Is Marijuana Legal in Washington D.C.?
The District of Columbia struggled long and hard to legalize cannabis district-wide. However, while both forms of cannabis are legal in the district, it is still impossible to purchase recreational marijuana here. Still, cannabis laws in Washington, D.C., are as complex as ever. For instance, despite being legal, recreational users cannot purchase cannabis in this district. Read on as we attempt to demystify all you need to know about marijuana legalization in the District of Columbia.
Is weed legal in Washington D.C.?
Yes, recreational use of cannabis is legal across the District of Columbia.
When did weed become legal in Washington D.C.?
The use of weed by adults 21 and older for recreational purposes became legal after passing initiative 71 in 2014.
Are edibles legal in Washington D.C.?
Yes, edibles are legal in this District.
Is medical marijuana legal in Washington D.C.?
Medical marijuana is legal in the District of Columbia.
How to get medical marijuana in Washington D.C.
Registered patients can only purchase medical marijuana from licensed dispensaries across the District.
Can I go to a dispensary without a card in Washington D.C.?
Unfortunately, only medical marijuana cardholders are allowed to purchase products from dispensaries in the District.
How long does it take to get your medical card in Washington D.C.?
It takes about three to four weeks to get a medical marijuana card in Washington D.C.
Does Washington D.C. accept out-of-state MMJ cards?
Fortunately, the District offers reciprocity for out-of-state medical marijuana patients. This is thanks to the Medical Marijuana Reciprocity Amendment Act, which went into effect in 2017.
Marijuana bills/laws in Washington D.C. & key questions
Marijuana legalization in Washington D.C. dates back to 1998 when the District passed the Legalization of Marijuana for Medical Treatment Initiative or Initiative 59. Initiative 59 made it legal to use marijuana for medicinal purposes across the District. The initiative was approved by 69% of voters in 1998. However, the U.S. Congress, which has oversight over D.C., effectively blocked Initiative 59 by enacting the Barr Amendment. The Barr Amendment was subsequently lifted in 2013 to reinstate the District’s Initiative 59.
In 2014, 65% of voters in the District of Columbia passed Initiative 71, the Legalization of Possession of Minimal Amounts of Marijuana for Personal Use Act of 2014. This Act legalized the possession of marijuana for recreational purposes and without the need for a medical recommendation. Initiatives 59 and 71 empower the Alcoholic Beverage Regulation Administration (ABRA) to regulate the marijuana industry in Washington D.C.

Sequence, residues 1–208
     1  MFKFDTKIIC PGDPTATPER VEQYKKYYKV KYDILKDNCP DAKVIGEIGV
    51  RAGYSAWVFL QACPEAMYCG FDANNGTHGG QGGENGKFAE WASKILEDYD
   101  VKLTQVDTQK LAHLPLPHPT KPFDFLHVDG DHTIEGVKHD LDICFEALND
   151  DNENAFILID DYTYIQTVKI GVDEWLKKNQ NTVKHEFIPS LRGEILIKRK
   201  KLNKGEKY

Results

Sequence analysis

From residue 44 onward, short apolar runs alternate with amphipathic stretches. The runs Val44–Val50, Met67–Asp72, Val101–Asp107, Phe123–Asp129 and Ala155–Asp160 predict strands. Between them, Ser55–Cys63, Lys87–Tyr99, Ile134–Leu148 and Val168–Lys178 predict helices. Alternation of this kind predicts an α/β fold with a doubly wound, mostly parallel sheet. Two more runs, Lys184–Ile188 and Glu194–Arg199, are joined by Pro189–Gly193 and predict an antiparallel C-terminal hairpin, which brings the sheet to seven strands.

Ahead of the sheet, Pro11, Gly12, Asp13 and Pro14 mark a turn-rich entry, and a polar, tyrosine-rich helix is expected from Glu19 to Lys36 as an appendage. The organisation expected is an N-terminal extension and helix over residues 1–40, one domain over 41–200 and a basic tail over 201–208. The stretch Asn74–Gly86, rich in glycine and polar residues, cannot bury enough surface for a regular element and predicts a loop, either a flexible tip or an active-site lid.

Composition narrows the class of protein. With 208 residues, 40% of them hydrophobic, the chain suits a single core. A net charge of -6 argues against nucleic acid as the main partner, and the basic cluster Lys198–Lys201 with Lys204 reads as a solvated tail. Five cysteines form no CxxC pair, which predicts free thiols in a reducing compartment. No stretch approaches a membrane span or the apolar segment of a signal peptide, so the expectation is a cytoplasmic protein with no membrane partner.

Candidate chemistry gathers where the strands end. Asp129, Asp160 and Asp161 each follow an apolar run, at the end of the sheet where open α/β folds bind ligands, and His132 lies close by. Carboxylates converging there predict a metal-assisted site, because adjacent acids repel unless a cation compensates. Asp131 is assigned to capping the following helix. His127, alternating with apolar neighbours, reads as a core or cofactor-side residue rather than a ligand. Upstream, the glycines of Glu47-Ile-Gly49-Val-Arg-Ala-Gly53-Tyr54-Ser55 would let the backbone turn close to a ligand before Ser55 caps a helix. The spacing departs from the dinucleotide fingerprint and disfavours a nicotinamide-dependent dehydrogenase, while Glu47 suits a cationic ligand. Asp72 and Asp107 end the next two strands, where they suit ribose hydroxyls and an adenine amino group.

How much marijuana can I have in Washington D.C.? (in oz)
Recreational users can possess small amounts of cannabis and relevant paraphernalia. All cannabis users, including patients, caregivers, and adults 21 and older, can possess up to two ounces of marijuana district-wide.
Is Marijuana decriminalized in Washington D.C.?
Yes, marijuana is decriminalized for up to two ounces in the District of Columbia.
Is there a fine or penalty for marijuana possession in Washington D.C.?
Marijuana possession over two ounces is a misdemeanor and attracts up to six months in jail and a fine of up to $1000. It’s also illegal to consume cannabis in public across the district. Public consumers are likely to be cited and released for this offense.
How many cannabis plants per household in Washington D.C.?
Patients, caregivers, and adults 21 and older may grow up to six marijuana plants within their residence.
Washington, D.C. dispensaries regulations
The Alcoholic Beverage Regulation Administration (ABRA) has regulatory oversight over the regulation and licensing of dispensaries in the District of Columbia.
Washington, D.C. growers regulations
The Alcoholic Beverage Regulation Administration (ABRA) also licenses commercial cannabis cultivators in the District.
Considering how the Federal Government owns a sizable chunk of the land in D.C., it’s impressive that both recreational cannabis and medical marijuana are legal across the district. However, it hasn’t come without a fight. Multiple limitations still exist, especially in terms of accessing recreational cannabis. If D.C. overcomes these limitations, it could be on its way to becoming a case study for marijuana legalization nationwide.